The state argued against federal ERISA and Medicare part D preemption of state regulation of pharmacy benefits managers, the companies that manage most Americans' prescription drug benefits.  The case affords an opportunity to see what newer justices have to say about preemption.

Preemption is a curious area of law.  Ostensibly statutory interpretation, it has overtones of federalism, as judges are called on to chart the scope of congressional intent as exercised in a power domain shared with state legislatures.  Confounding theories of interpretation, textualism is often insufficient to resolve preemption problems, because statutory schemes, such as the framework for employment-benefit regulation, may be left ambiguous as to what the scheme does not regulate, yet can be undermined by state laws with incompatible purposes.  As a result, preemption cases in the U.S. Supreme Court have been known to render splintered decisions and odd-bedfellow pairings of justices.  More than once, preemption precedent has been criticized as inconsistent and messy.

In an op-ed in The Arkansas Democrat-Gazette (ADG) in 2015, I wrote that Arkansas Act 900 raised serious and compelling questions of federalism.  I didn't pick sides—indeed, each side claims to be on the side of consumers—but I did describe the Arkansas Attorney General's dismissive response to challenge of the statute as glib.  The Eighth Circuit subsequently held the law preempted.  Forty-five states, D.C., and the Trump Administration have sided with the appellant AG, according to the ADG.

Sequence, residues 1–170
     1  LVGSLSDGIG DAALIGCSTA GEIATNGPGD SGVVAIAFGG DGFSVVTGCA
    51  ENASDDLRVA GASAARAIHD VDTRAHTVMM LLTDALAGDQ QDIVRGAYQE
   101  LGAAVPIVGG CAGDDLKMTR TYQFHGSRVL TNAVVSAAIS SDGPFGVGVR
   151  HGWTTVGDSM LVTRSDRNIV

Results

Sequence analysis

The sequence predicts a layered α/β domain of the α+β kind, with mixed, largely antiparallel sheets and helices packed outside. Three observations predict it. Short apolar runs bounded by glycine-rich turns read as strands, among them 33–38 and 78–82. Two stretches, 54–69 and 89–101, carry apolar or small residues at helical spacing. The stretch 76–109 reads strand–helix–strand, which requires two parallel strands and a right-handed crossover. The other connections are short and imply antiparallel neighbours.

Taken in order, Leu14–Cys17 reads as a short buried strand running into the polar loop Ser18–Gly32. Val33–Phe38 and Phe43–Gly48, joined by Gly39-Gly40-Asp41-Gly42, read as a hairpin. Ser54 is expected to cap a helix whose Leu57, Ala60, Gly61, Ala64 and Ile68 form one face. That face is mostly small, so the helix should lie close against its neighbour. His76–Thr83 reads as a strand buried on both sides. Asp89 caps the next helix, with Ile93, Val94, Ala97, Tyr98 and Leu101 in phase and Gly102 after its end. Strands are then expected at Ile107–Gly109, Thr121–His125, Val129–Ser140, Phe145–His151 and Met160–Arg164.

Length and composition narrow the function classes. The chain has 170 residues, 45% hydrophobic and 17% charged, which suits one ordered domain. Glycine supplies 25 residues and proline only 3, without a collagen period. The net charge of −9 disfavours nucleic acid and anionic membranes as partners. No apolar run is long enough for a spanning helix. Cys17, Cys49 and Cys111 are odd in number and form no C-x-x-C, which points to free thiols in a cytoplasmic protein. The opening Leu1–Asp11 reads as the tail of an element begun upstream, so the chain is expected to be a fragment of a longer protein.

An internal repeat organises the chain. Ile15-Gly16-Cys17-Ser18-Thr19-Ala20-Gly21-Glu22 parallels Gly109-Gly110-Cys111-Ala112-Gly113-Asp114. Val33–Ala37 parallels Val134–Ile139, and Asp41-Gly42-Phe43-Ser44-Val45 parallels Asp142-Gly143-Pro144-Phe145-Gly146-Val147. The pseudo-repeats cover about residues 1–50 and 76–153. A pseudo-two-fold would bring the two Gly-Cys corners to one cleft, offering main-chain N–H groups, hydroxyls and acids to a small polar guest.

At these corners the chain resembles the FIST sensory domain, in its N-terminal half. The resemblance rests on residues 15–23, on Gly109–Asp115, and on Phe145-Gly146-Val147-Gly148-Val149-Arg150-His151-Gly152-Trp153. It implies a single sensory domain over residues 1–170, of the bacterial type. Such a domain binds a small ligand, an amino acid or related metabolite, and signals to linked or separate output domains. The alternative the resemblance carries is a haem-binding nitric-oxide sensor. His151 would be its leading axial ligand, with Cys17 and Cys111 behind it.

The case is Rutledge v. Pharmaceutical Care Management Association, No. 18-540 (argued U.S. Oct. 6, 2020).  Ronald Mann wrote an excellent analysis of the case, on the merits and implications, at SCOTUSblog.

Friday, May 8, 2020

Shielding business from coronavirus torts neglects deep-seated dysfunction in litigation, health insurance

Amid reopening and the controversy over reopening, American private business is seeking legislative protection against coronavirus-related tort litigation.

To oversimplify, businesses are worried about being sued if a worker or customer contracts the virus in the workplace or in a retail space.  Tuesday morning, U.S. Chamber of Commerce Executive Vice President and Chief Policy Officer Neil Bradley told National Public Radio that the Chamber is not asking for blanket immunity, but "a safe harbor ... against frivolous lawsuits."

"No one wants to protect bad actors here," Bradley said.  He suggested that liability could be predicated on gross negligence or "willfully forcing workers to work in unsafe conditions," which, legally speaking, is recklessness.